Spread across a grand piano, Miss Lawrence belted out Sylvester's "You Make Me Feel (Mighty Real)" to Jussie Smollett's character Jamal in his expansive – if temporary – office atop Empire Entertainment. (Watch above) The extended cameo provided an acting debut for Miss Lawrence, who turned a chance meeting years ago with Lee Daniels – the gay director and co-creator of the show – into an appearance on the Season 2 kickoff of the Fox blockbuster.
When did it hit you that this was a really big deal?
Then I got the script and I knew it was real, real. I’m looking at the script and the titles says “Empire” and Miss Lawrence is on the cover. Then you see the names of all these stellar actors, actresses and directors like Lee Daniels, Danny Strong, Chris Rock, Andre Leon Talley, Mariah Carey — then you see my name and I’m like “oh my goodness.” I had a real “mama I made it moment.”
What did you do to prepare for your role?
Now when I say prepare, I mean in the sense that I’m eating properly, I’m not bloated, that I’m going over my lines 100,000 different ways, 100,000 times — you know, making sure that I’m not consuming too much alcohol or being around smoke that could affect your vocal ability — all that type of stuff. Just staying focused and thinking about all the possibilities that may happen when I got to set, because I had never been on a set like that before.
The scene that features Miss Lawrence has him there to discuss presenting an award to Jamal at a GLAAD event. It serves as a reminder that Jamal still struggles with being gay as the flamboyant Miss Lawrence unnerves him.
When Miss Lawrence suggests he and Jamal sing a duet after presenting the award, Jamal dismisses it: "Oh Becky, let's think about that."
Miss Lawrence was having none of that. "Don't be shady. It'll be fun," he said.
Miss Lawrence, a hair stylist in Atlanta, parlayed a recurring guest spot as a gay bestie on "The Real Housewives of Atlanta" into the Bravo spinoff "Fashion Queens" with another gay bestie from RHOA, Derek J. The pair also cruised around Atlanta in a convertible for an hour-long, over-the-top gay preview of the RHOA season in November.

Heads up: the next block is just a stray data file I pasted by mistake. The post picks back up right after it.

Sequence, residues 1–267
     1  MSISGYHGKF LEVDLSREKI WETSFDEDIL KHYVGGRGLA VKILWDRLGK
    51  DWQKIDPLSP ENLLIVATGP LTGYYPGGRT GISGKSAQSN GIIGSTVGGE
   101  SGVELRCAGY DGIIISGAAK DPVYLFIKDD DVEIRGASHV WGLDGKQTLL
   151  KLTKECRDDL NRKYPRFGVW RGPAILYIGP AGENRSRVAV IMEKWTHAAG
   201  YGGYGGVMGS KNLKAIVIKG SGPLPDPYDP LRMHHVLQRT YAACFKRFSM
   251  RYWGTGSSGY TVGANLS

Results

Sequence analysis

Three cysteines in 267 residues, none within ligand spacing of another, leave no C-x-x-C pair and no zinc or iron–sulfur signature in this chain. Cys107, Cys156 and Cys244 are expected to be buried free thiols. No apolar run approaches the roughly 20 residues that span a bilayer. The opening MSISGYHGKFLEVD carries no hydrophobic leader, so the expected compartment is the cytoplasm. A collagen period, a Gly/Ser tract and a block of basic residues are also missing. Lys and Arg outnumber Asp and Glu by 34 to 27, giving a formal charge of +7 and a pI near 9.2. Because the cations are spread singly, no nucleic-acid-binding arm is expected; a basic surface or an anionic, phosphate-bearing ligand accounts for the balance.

Some people have felt like some of the women of Real Housewives of Atlanta are unconsciously homophobic — Nene saying "Queen," Porsha getting caught with her anti-gay video a couple years ago and Marlo saying "f****t.” Are people being too critical or is there some unconscious homophobia?
I left the Housewives of Atlanta for that very reason — well, that’s one of the reasons that I left. We don't hold a lot of women accountable for culture appropriation. They love to borrow from the culture, steal intellectual property from the gay community, and most of them don't give back. The first time an inflammatory situation arises the first thing that comes out of their mouth is "queen” or the whole f-bomb. The one episode where Kenya [Moore]'s friend got beat up at Nene's party, no one was held accountable, there was no real apology put in place. I knew then that was not a place to occupy my time. I knew that there’s no way I can call myself a social activist and be a real activist for my community on that show. I'm not angry with them; I just think they need to be educated. At some point, we as a community have to make them respect us. It saddens me that most gay prides, especially Black gay pride, when they want to book celebrities, you look on the flyers, there’s a Porsha Williams on the flyer, Nene Leakes or Marlo Hampton. What exactly have they done for our community? We don't hold them accountable.
Did you ever feel like you were an accessory to these straight women on Atlanta Housewives?
Absolutely! Not everybody, I have genuine friendships with some of the girls, but I do know that most of it came out of convenience. Most of it came out of being the token gay. The go-to person, “Oh, I need a new word to say, I need some gay slang! How do I say, ‘Yaasss’?” All of that type of stuff. When you know better, you do better. With me, I'm moving in a different direction just with who I am. So I'm still friends with all the girls and I love them dearly. They'll do well.